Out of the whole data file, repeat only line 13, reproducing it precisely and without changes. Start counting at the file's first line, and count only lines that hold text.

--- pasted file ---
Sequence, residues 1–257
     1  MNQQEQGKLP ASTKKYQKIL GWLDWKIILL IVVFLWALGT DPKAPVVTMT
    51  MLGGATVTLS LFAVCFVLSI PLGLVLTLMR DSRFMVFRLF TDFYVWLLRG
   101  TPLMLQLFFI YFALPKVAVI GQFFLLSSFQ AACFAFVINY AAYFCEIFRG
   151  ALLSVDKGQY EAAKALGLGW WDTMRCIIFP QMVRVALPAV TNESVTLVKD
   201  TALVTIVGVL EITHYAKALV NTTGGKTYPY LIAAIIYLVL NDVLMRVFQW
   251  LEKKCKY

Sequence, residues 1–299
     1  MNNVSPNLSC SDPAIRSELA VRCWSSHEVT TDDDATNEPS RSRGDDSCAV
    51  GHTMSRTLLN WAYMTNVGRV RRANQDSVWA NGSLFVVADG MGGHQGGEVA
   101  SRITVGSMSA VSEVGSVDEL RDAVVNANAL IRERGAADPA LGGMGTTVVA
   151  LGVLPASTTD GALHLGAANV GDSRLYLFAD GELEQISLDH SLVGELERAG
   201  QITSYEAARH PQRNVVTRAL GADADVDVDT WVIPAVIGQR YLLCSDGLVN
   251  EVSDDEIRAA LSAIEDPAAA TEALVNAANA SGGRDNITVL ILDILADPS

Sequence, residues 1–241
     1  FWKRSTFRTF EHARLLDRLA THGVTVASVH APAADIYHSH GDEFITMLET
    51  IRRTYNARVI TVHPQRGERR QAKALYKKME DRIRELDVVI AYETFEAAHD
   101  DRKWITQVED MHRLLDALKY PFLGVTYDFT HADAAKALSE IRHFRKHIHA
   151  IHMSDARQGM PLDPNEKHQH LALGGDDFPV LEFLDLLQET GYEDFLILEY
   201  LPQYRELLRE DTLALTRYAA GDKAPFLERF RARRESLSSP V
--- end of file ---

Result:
   201  QITSYEAARH PQRNVVTRAL GADADVDVDT WVIPAVIGQR YLLCSDGLVN